Gallery and Manor-House history

Breakfast Room, Pitzhanger Manor © John Sturrock

PM Gallery & House has become a major cultural venue in West London.

As well as exhibiting contemporary professional artwork, it also owns the largest collection of Martinware in the country (no longer on public display).


In 1800, the architect John Soane purchased Pitzhanger Manor-House. At this stage in his illustrious career, as architect and surveyor to the Bank of England and with public buildings and private house to his credit, Soane intended to build his 'dream' house - his own country villa, to be used subsequently as a 'suitable' residence for his sons.

Soane demolished most of the existing manor, apart from an extension designed in 1768 by his first employer, George Dance. He then set about building his own home, which he saw as 'a sort of portrait' - an advertisement for his own idiosyncratic architectural style with its stripped classical detail, radical colour schemes and inventive use of space and light.

Following its completion in 1804, the Soanes used Pitzhanger Manor-House as a weekend retreat and a place of entertainment. It also accommodated a growing collection of paintings, books, architectural drawings and fragments, later to form the collection which you can now see at Sir John Soane's Museum at 13 Lincoln's Inn Fields. For further information visit

In 1810 Soane sold the House. With remarkably little alteration, it passed through a succession of owners until 1843 when it became home to the daughters of Britain's only assassinated Prime Minister, Spencer Perceval. In 1901, the building was sold to Ealing District Council and extended to become Ealing's Public Library. The 1940 lending library building on the site of Soane's mock Roman ruins is now the PM Gallery. Soane's ornamental gardens and parkland, including his bridge, entrance arch and lodge, became Walpole Park, today on the Register of Historic Parks and Gardens.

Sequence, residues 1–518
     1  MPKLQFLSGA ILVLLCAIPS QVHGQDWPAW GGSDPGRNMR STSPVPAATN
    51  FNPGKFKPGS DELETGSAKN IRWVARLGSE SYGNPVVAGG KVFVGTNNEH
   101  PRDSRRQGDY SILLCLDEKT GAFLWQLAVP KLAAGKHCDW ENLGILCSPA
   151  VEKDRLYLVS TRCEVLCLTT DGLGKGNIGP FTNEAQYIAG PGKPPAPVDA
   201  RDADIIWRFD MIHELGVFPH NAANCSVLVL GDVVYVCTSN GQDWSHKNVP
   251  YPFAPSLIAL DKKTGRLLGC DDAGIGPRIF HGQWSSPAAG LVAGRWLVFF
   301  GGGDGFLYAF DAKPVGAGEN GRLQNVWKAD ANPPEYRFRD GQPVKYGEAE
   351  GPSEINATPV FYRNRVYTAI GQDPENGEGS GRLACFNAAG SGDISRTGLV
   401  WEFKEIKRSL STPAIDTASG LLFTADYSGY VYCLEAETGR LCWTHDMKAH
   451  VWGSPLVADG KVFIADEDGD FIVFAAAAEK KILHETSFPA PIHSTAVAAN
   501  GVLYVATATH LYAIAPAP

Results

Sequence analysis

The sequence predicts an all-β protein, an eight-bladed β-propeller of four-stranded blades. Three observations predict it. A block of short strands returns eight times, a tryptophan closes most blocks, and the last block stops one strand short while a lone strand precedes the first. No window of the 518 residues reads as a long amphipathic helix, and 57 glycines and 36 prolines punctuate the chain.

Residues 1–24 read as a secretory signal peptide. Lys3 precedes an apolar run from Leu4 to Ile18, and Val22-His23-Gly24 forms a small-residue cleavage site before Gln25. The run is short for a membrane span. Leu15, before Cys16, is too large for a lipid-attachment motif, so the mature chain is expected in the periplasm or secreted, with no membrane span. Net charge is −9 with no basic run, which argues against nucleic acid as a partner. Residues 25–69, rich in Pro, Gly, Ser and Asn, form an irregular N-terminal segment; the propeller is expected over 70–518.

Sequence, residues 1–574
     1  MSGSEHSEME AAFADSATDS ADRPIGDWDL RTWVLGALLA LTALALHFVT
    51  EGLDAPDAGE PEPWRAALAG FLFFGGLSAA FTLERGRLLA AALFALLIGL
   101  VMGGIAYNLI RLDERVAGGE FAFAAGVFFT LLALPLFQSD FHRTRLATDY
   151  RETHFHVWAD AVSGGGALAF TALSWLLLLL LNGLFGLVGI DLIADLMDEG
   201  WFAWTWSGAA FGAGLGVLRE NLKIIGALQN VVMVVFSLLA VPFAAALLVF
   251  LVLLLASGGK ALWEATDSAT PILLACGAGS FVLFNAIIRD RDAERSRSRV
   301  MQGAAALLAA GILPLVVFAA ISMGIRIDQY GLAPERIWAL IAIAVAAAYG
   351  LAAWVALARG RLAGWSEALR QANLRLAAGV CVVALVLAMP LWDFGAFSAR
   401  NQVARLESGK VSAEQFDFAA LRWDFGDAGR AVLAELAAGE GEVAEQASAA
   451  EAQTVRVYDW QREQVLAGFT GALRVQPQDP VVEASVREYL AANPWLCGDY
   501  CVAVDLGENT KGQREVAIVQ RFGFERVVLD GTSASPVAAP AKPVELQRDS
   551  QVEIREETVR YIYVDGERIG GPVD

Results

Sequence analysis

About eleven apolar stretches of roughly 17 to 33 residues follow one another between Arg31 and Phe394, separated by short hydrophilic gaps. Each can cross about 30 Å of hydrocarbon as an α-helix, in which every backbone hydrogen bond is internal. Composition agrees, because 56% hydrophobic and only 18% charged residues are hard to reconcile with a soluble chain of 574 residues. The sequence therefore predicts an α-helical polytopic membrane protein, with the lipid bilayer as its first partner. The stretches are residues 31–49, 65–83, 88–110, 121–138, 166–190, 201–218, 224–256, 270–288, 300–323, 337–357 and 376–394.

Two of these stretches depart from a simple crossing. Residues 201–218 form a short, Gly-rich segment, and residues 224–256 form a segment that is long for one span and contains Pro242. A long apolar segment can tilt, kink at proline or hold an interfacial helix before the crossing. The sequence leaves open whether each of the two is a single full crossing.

Since 1985, when the library moved to the Ealing Broadway Shopping Centre, the interiors of the House have been undergoing restoration to reveal their original splendour. Extensive documentation at the Soane Museum, including bills, correspondence with contractors, diaries and drawings allows us to build up an authentic picture of the House in Soane's time. In some rooms, original colour schemes have been painstakingly recreated by analysing paint samples. The same is planned in the remaining rooms which will then be furnished with items similar to those acquired by the Soanes.

Images of Pitzhanger

As part of the Sir John Soane's Museum 'Building Sites' project, supported by a grant from the Designation Development Fund (DDF), images of Pitzhanger Manor and also Soane's other London projects have been catalogued and can be viewed online within the Sir John Soane's Museum collections.

PM Gallery

Today, the whole site is being developed as a major cultural venue incorporating the historic house and PM Gallery, now the largest public art gallery space in West London exhibiting contemporary professional art. Exhibitions are often sited in both the Gallery and the Manor-House where site specific installations respond to the history and architecture of the House.